The following morning, the county convenor Magnus Shearer and his wife took the Lindberghs by car to Lerwick Observatory, to study weather data and obtain a forecast, the latter making them decide to postpone their departure for another day. Almost like royalty, they visited the Infant and Central schools and the Gilbert Bain Hospital, before driving with the Shearers to Sumburgh to allow Lindbergh to inspect a Scottish-owned Dragon Moth aircraft that had landed there the day before – chartered to take up a Daily Express reporting team. This was a quite a notable event in itself, for the very first landing by an aircraft with wheels had been made only three months before. They also inspected the ongoing excavations at Jarlshof, and on the way back to Lerwick “The Colonel and his wife admired the colours of the countryside as they passed along, and were keenly interested in Shetland agriculture and in the people.”
The famous couple left Lerwick for Denmark on Saturday at noon. “When the Colonel and his wife boarded the little Shetland model boat rowing boat manned by Mr. Adam Manson, assistant harbourmaster, the Chairman of Lerwick Harbour Trust, Mr. E.S. Reid Tait, called for three hearty cheers for Col. Lindbergh, which were lustily given by the great crowd standing in the vicinity, followed by three more for Mrs. Lindbergh.”
They landed in Copenhagen just under five hours later, and that, as the saying goes, was that. For the moment though, Shetland was happy, its local press delighted. “The arrival of the Lindberghs in Lerwick created quite a furore in newspaper offices in the South. All the leading national, daily and Sunday papers wired their correspondents for details, and many thousands of words were telegraphed on Thursday, Friday, and Saturday. On Thursday and Friday evenings the Lerwick Post Office was kept open till a late hour transmitting telegrams . . . In a number of papers Shetland got a first-class advertisement, and has suddenly leapt into prominence as being marked out as an important link in the proposed new aerial chain.”
The “Times” could not resist a triumphant peerie dig at Orkney; under a headline “Kirkwall waits in vain” it reported “On Wednesday evening of last week preparations were made by the authorities in Kirkwall for the reception of Colonel and Mrs. Lindbergh, and Kirkwall Town Band was on parade ready to play in case the Lindberghs arrived. Kirkwall’s hope of a visit from the flyers was raised by a report that they would call at Orkney”.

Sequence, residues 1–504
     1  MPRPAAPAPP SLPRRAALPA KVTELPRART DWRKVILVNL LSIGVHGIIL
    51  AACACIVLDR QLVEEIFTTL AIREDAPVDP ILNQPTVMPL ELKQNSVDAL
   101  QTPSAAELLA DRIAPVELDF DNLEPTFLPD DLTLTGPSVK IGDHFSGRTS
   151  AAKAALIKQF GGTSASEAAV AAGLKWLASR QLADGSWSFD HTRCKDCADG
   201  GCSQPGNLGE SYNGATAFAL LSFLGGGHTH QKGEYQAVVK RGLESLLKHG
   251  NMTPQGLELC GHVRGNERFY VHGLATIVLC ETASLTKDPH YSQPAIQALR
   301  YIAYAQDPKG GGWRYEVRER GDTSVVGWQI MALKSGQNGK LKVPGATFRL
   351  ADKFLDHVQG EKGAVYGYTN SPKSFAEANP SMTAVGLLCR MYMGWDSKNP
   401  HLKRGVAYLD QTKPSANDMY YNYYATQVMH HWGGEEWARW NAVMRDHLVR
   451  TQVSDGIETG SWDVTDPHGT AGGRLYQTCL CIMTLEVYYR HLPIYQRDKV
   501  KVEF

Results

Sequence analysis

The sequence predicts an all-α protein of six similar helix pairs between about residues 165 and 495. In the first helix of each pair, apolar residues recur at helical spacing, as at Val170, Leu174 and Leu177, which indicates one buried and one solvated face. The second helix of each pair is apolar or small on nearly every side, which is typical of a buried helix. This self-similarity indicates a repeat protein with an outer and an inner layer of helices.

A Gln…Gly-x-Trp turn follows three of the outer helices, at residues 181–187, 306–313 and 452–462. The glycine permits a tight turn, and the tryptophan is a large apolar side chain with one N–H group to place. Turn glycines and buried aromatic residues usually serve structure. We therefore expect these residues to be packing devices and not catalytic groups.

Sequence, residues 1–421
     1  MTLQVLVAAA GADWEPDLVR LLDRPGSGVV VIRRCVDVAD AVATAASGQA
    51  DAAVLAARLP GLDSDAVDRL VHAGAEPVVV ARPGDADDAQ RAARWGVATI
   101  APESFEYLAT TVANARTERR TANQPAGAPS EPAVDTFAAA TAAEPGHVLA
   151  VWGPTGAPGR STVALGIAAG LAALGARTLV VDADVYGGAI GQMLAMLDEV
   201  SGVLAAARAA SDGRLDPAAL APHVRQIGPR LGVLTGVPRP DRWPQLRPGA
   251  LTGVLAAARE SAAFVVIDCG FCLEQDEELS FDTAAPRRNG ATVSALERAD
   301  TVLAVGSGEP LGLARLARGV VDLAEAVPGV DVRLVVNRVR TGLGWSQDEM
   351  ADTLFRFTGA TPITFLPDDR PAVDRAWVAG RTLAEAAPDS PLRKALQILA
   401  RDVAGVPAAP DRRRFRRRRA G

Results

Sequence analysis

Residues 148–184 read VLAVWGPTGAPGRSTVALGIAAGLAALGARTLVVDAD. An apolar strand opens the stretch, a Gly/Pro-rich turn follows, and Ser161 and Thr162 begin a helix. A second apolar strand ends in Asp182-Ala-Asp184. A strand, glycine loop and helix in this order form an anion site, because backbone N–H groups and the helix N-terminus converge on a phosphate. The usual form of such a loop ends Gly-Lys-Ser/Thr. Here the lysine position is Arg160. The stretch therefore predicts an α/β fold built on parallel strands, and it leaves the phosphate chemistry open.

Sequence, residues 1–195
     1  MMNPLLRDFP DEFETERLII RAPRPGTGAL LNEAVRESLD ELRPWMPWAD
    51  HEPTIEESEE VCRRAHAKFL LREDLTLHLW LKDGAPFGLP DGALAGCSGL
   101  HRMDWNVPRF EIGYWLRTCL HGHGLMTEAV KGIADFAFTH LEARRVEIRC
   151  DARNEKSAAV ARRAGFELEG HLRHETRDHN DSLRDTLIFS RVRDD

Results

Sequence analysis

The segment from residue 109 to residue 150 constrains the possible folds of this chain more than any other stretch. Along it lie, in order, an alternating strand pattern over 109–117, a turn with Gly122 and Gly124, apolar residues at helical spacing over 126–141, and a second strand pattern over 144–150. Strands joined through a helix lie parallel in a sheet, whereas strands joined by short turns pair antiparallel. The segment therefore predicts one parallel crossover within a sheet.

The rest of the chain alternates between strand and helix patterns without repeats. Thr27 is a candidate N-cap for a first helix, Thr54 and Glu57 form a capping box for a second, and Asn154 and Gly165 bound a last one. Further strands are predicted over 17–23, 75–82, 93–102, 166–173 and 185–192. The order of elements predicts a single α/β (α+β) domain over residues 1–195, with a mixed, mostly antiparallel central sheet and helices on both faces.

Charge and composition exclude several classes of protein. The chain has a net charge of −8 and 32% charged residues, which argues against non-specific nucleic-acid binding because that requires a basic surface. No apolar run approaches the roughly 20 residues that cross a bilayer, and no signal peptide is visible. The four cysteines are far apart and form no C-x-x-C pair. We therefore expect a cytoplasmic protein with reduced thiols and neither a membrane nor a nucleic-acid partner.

So, the feel-good factor worked; the celebrity visitors charmed Shetland and gave it a few days of national headlines. There’s no doubt the Lindberghs got on famously with their hosts, especially Magnus Shearer and his wife Flora. This is confirmed by their daughter Noelle who was just six years old, and has vivid memories of the Lindberghs in her home, having coffee. Her mother and Mrs. Lindbergh corresponded for several years afterwards.
A modern observer in this era of celebrity-sodden media might wonder how a mere airman could create such a stir, but you have to remember that in 1933 Lindbergh was an absolute living legend worldwide, so to actually see this hero and his wife in the flesh and hear their voices was a fantastic opportunity, especially in Shetland. Only if Neil Armstrong, the first man on the moon, had come to Shetland a year or two after his epic deed would we have perhaps seen a comparable event. We know now, of course, that there never was a trans-Atlantic northern air route, and we also know that after their Shetland visit the Lindberghs had other traumas to come, including the trial and execution of their son’s murderer in 1936, and the discrediting of Lindbergh’s reputation through his outspoken isolationist attitudes to World War II, which led to his withdrawal from public life. Charles Lindbergh died in 1974, while Mrs. Lindbergh survived him until 2001. Although Shetland got its regular air service – to Scotland – in 1936, a permanent and reliable international air link is today no more than the dream it turned out to be, almost 80 years ago.
Written with the kind assistance and co-operation of Mrs Noelle Gordon, Lerwick.